It's not fun, but it's essential.
Streaming on Amazon | 2019 | R | 1h 59m
Why We Watched: When I was writing my master's thesis on Zero Dark Thirty, I read (part of) the 525-page executive summary of the Senate Intelligence Committee's report on torture—the subject of Amazon Studio's latest film The Report. (You can read it too if you want.) It was a matter of time until someone made a movie about this.
You Might Also Like: TBH, I am a biiiig Adam Driver fan. Girls? Yes. Star Wars? Bring it on. BlacKkKlansmen? Uh huh. Marriage Story? It's on my list. I'll pretty much watch anything that's got him in it, and I'm not alone. Martin Scorcese called him "one of the finest, if not the finest of his generation." For more on Driver, who is currently having "a moment," I strongly encourage you to pick up the latest issue of Rolling Stone Magazine, where the rising star graces the cover.
Torture doesn't work. Victims of torture simply tell their captors what they want to hear to make the torture stop. After 9/11, the CIA decided it was necessary to use "Enhanced Interrogation Techniques" (EITs) on captives in an effort to find Osama bin Laden and other al-Qaeda leaders and to prevent future attacks like the one on the Twin Towers. People debated the morality of this then, and they still do—just take a look at the comments section of The Report on Amazon Prime. But it's a pointless debate, now that we know what we know: That torture is a useless intelligence-gathering technique and is therefore utterly unjustifiable.
The Report chronicles the Senate Intelligence Committee investigation into the CIA's post-9/11 Detention and Interrogation Program. The committee, chaired by Diane Feinstein (played by a fierce Annette Bening), assigned a small team of senate staffers to the investigation. Headed by Daniel J. Jones (played by Adam Driver), between 2005 and 2014 the team read millions of CIA documents and investigated the treatment of hundreds of detainees. In the end, the committee produced a damning document that not only outlined the brutal treatment of detainees but also the corruption within the CIA to hide that treatment from multiple presidents, department heads, and investigators.
During the Senate investigation, the staff involved had to fight hard to keep the report alive, and the obstacles weren't just political. When Zero Dark Thirty came out in 2012, it told a story of how the CIA discovered Osama bin Laden's compound in Pakistan thanks to torture—the Oscar-nominated film was shaping an entirely different narrative than what the classified investigation was revealing. Zero Dark Thirty is only glossed in The Report, but at the time of its release, the senators leading the investigation saw it as a big hurdle and publically condemned it: "People who see Zero Dark Thirty will believe that the events it portrays are facts. The film therefore has the potential to shape American public opinion in a disturbing and misleading manner."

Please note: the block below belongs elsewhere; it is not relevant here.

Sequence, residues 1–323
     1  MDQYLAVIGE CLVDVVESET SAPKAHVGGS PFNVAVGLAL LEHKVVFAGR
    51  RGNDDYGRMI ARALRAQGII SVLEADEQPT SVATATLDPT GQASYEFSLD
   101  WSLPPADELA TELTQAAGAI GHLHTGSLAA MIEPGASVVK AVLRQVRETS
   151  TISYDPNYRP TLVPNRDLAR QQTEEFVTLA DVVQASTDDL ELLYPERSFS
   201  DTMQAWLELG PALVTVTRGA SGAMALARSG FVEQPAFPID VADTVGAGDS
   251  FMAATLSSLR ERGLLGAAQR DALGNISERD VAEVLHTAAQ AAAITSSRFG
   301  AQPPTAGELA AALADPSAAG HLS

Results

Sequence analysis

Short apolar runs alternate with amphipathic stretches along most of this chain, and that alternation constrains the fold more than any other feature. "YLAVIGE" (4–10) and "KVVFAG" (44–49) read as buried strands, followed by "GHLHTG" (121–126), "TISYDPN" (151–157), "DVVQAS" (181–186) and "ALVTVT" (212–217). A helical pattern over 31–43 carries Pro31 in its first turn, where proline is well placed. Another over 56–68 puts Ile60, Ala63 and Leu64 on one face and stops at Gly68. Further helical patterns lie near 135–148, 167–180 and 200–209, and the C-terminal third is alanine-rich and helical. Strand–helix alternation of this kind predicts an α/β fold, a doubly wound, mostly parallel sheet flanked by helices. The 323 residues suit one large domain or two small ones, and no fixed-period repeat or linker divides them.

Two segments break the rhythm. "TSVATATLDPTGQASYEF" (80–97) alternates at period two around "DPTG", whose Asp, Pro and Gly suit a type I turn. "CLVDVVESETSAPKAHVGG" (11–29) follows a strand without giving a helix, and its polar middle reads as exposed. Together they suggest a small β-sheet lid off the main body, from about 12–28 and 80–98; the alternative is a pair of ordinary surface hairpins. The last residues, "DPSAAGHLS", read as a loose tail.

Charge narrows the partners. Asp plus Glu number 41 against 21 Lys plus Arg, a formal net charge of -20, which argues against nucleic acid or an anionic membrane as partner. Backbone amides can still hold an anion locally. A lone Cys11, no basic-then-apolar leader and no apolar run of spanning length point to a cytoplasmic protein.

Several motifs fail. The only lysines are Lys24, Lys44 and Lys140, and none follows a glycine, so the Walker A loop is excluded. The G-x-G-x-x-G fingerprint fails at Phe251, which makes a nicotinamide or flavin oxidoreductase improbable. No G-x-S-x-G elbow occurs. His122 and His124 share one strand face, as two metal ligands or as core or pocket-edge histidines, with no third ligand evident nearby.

There were plenty of people on both sides of the aisle who didn't want The Torture Report to see the light of day. The career CIA staff who had supported torture during George W. Bush's administration didn't want it to come out. John Brennan, head of the CIA, didn't want it to come out. Barack Obama didn't want it to come out, because he felt it would reinforce partisanship. But on the eve of turning things over to a very partisan and Republican-majority senate, the committee voted to release the report in December 2014. The Report features archival CSPAN footage of Sen. John McCain's speech on the floor at the announcement of its release: "The truth is sometimes a hard pill to swallow. It sometimes causes us difficulties at home and abroad. It is sometimes used by our enemies in attempts to hurt us. But the American people are entitled to it, nonetheless."
The Report credits Jones with the titular document's completion. His single-minded pursuit of the truth and releasing it to the public is the driving force of the film. It's interesting, then, that Dan is such a boring character. The script gives him zero backstory, zero personal life, and basically zero personality. Adam Driver is the character's—and the movie's—saving grace. The former Marine brings a level of intensity to the role despite a bare-bones plot. He “devoured” the publicly available report before filming, says director Scott Z. Burns: “He wasn’t going to say a single fucking word if he didn’t know exactly why he was saying it.” Without Driver's finely tuned acting and expressive face and voice, there would be little there to draw viewers in.
If the movie is boring, why watch it? Because it's the first mainstream film since Zero Dark Thirty that seeks to document this unsavory period of US history. It's essential viewing because what it portrays implicates all of us. We have a responsibility, I think, to educate ourselves about this. So, watch the movie—but don't take its word for it; maybe also give the report a read. Do a little digging. It won't make you feel good, but that's okay.